The only thing bigger than Orbie Cook was his love for Jacksonville High School.

That and his heart.

At 6 feet 3 inches tall and tipping the scales at 400 pounds in his prime, the Jacksonville native dwarfed everyone else around him, both in size and in school spirit. For decades Cook was almost a force of nature who rallied his beloved Jacksonville High football and basketball teams to victory by leading cheers at every game pep rally.

“If you took school spirit and molded it like a piece of clay, a big piece of clay, it would be Orbie,” said Eric Key, a 1982 Jacksonville High graduate. “For everybody he was that symbol for victory.”

Cook died at his home in Jacksonville Thursday. He was 62.

Cook graduated from Jacksonville High in 1973, his support for the school never wavered. At every pep rally for about 30 years without fail, Cook was there, ready to lead the student body in his own personal cheer.


We don’t!

We don’t mess!

We don’t mess around, hey!

“He was the unofficial mascot, just this huge, hulking presence,” Key said. “People would go crazy over it … it was just this surreal thing.”

Chuck Cummings, a 1980 Jacksonville High graduate, said he could still easily remember the excitement of the students when Cook entered the old high school gym to lead them in cheers.

“It was like a celebrity walked in the door when he came in and stepped up to the microphone,” Cummings said. “It didn’t matter what the football team’s winning record was, he got everybody worked up to a fever pitch.”

Chris Roberts saw the excitement first hand as a student and as a writer for the Jacksonville News in the early 1980s. Roberts, who graduated from Jacksonville High in 1983, said students would scream Orbie as soon as he entered the gym on Fridays. Roberts said it was Cook’s good nature and friendliness that made him so loved by generations of Jacksonville High students.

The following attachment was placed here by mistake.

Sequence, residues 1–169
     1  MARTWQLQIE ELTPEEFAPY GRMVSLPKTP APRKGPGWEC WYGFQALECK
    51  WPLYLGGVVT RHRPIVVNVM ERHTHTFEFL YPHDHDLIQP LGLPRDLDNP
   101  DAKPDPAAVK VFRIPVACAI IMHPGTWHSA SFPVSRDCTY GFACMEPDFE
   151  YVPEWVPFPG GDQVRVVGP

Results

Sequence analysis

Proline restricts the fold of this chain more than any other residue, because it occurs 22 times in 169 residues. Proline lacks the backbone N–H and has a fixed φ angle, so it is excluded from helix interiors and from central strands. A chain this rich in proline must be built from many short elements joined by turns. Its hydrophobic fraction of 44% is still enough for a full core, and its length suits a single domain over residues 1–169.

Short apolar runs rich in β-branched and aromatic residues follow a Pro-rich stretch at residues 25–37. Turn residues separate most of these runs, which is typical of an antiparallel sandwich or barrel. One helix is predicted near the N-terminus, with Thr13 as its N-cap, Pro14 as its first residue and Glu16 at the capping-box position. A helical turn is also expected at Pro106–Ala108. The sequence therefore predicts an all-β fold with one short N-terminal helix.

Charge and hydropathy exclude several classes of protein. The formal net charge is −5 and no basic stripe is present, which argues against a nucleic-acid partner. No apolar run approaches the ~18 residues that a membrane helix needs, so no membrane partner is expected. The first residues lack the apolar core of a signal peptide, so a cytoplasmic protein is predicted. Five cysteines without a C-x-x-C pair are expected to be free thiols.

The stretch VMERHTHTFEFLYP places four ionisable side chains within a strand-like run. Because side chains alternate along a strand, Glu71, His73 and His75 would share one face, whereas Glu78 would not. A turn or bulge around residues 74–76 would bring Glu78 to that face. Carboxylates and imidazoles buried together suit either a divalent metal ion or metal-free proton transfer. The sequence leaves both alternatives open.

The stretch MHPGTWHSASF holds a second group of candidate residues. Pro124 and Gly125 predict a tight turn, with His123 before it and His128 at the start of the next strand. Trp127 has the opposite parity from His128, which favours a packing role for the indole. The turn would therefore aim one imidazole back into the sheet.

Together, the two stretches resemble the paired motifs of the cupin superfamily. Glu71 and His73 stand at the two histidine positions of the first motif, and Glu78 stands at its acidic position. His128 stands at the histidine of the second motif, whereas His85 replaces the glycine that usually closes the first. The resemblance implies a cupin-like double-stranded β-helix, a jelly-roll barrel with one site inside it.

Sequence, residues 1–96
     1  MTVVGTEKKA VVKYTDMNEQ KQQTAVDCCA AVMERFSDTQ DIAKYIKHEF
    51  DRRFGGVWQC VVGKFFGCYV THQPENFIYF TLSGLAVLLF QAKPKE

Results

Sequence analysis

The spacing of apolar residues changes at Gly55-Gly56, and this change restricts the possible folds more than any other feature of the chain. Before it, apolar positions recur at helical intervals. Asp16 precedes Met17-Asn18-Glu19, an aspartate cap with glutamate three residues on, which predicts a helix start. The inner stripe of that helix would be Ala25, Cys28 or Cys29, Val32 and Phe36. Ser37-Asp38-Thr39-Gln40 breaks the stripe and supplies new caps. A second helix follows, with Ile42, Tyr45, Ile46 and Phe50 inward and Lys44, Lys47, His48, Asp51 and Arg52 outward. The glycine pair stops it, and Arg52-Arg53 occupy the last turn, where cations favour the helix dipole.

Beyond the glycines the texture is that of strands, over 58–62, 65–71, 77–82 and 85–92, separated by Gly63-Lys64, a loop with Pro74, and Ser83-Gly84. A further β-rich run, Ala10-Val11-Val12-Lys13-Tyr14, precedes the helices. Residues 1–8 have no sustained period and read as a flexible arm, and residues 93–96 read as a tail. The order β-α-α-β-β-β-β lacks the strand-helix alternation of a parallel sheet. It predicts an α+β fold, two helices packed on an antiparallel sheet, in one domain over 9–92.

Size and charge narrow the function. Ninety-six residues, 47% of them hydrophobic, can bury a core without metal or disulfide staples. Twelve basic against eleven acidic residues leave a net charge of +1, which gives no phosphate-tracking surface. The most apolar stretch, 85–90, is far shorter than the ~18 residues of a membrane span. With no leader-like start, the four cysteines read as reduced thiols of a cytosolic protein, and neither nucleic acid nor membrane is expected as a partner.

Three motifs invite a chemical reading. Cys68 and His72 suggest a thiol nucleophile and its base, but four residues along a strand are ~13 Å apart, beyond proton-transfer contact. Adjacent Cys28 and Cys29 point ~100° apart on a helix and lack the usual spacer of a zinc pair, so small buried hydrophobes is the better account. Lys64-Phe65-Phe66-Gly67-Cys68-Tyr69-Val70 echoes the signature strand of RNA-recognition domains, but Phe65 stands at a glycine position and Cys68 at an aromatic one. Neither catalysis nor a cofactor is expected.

“There was a general sweetness to him and that you knew this was what he lived for,” Roberts said. “The student body lived for him for a few minutes every Friday before football games.”

When he wasn’t at games Cook, who never married, worked mostly at the Anniston Army Depot. The middle child with two sisters, Cook also spent his time collecting Coca-Cola and University of Alabama football memorabilia.

“He was an avid Alabama fan; just a walking, breathing encyclopedia of Alabama football,” said Dorothy Cook, Orbie’s younger sister.

Dorothy Cook said she had to care for her brother in recent years because of poor health, which kept him away from games. He was confined to a wheelchair in 2013 when several Jacksonville High alumni gave him a “lifetime spirit award.”

“He had been in the hospital and was in rehab,” Dorothy Cook said. “He was very grateful and surprised.”

Dorothy Cook said her brother was a kind person who loved everyone he met, and of course, his alma mater.

“His loyalties were so strong to his school,” she said. “That’s what made him so happy.”

Graveside service for Orbie Cook will be held at 2 p.m. Sunday at Greenlawn Memorial Gardens. Online condolences may be made at

Staff Writer Patrick McCreless: 256-235-3561. On Twitter @PMcCreless_Star.